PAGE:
I have to hand it to Red Stitch for finding a way of navigating through this bitch epic. The long acts, filled with abuse and ambiguity, were so well balanced. Director Görkem Acaroglu seems to keep the dysfunction afloat at all times, so well he might consider becoming a family therapist. The cast, as usual, are so well selected. Guest artist Yeboah, seeming to move and speak a little slower while the others buzz around, makes the enigmatic outsider a constant focus. Who is he, I kept thinking, what is hiding? (what else can the others possibly have hidden, I kept thinking regularly as well, right to the end). The small playing space puts everything up to close scrutiny (literally, the labels on the underwear can be read and whether the gentlemen dress to the left or right is readily apparent) so the well controlled mood was very welcome. When tempers flared, they did so explosively but when the room falls silent dirty looks carry just as well. The Pain and the Itch pushes a lot of moral buttons in what it exposes as well as how it is played. It also pushes a lot of boundaries in is the situations and characters. The child actors playing Kala are privy to some fairly raunchy sights and sounds and the play ends with the only member of the family with any decency squashed and betrayed while the appalled Hadid flees the two-faced assembly. Anna Cordingley’s set is an angry red adorned with illustrations of various skin infections from the pages of medical book. In a way the whole thing gets under your skin. Norris may have intended it but the laughs often come with a very unpleasant after taste.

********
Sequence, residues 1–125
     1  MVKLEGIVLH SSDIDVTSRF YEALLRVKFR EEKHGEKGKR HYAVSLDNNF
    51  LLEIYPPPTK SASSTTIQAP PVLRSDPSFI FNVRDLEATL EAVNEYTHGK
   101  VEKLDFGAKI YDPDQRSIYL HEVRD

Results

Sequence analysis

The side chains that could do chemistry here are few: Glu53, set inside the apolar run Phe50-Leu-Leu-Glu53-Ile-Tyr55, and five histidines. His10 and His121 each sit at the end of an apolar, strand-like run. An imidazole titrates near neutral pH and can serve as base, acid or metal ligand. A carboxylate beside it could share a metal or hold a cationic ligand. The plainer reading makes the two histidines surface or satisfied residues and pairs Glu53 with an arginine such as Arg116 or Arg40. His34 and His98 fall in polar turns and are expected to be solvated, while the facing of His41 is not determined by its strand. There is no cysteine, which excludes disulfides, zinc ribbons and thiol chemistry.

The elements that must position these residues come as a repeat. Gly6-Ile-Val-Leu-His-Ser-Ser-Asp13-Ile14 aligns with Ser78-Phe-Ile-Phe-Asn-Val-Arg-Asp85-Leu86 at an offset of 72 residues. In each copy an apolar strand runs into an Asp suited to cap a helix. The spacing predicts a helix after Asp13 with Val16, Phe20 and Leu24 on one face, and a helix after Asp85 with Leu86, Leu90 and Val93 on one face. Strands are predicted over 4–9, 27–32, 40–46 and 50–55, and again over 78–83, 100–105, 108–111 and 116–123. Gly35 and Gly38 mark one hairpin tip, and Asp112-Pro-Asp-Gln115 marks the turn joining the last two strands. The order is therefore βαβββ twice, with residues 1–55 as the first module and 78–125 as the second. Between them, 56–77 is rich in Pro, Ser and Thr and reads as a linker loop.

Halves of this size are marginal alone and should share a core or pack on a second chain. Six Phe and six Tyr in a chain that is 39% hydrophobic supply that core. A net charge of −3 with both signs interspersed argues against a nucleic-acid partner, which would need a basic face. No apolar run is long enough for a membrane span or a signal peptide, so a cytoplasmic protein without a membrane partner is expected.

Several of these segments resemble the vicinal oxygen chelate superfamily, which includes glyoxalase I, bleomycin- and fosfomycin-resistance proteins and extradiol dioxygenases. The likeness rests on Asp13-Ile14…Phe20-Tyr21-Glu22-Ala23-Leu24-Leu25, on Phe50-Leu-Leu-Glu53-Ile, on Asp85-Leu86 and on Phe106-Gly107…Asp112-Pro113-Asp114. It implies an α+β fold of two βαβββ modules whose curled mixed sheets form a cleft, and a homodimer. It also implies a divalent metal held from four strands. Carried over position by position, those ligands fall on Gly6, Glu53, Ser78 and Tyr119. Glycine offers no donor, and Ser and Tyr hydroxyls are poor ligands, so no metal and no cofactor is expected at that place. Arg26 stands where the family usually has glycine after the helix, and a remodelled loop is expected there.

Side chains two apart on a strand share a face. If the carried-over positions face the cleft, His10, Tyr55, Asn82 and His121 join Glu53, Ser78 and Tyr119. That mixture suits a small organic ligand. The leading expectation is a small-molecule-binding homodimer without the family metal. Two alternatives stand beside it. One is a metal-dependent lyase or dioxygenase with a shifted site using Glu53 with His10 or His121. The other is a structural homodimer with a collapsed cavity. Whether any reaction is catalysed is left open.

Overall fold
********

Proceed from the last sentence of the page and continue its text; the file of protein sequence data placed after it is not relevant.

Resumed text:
Daniel Frederikson (foreground), Terry Yeboah, Erin Dewar, Andrea Swifte and Oregen Guilloux-Cooke in The Pain and the Itch by Bruce Norris. Image: Jodie Hutchinson.
Nikki Thomas, Australian Stage Online (05/05/08)
It is without fail that Red Stitch has delivered again, with this superbly staged production of Bruce Norris’ intricately written The Pain and the Itch.
Moving, funny and cringe worthy at the best of times, this play is an elaborate exploration into the morals and values deemed important by members of our society. Too often, do we find ourselves down on our luck about life’s dealings, only never to consider the circumstances of those less fortunate than you. With his superb use of satire, Norris has created a dark comedy with an added brilliant twist designed to cut to the very soul of your conscious.
The play takes place over one night, with most of the action a replay of the family’s Thanksgiving dinner, held by the seemingly successful young, yuppie couple, Kelly and Clay. Played superbly by ensemble newcomer Sarah Sutherland and the talented Daniel Frederiksen, they prove through their strong choices and clear grasp of the script, that looks aren’t always what they assert when it comes to their designer relationship and home.
Despite proclaiming themselves as post modern, 21st century left wing voters, they hypocritically still do their utmost to protect themselves and their children from those contaminated with the illness of the ‘lower class.’ On the night of the dinner, the discovery of a half gnawed avocado forces them to confront their worst fears – the thought of an undoubtedly harmful intruder in their cocooned home. Add to this, the finding of the severe rash on their 5 year old daughter’s genitalia region and their ‘pleasant’ Thanksgiving dinner turns sour faster than the turkey is defrosted.
Desperately failing to be seen and respected as a home-maker, father and most of all man by his high flying attorney, breadwinner wife, Clay becomes more and more distressed by the presence of his surrounding family members and as a result the tragic events of the evening unfold.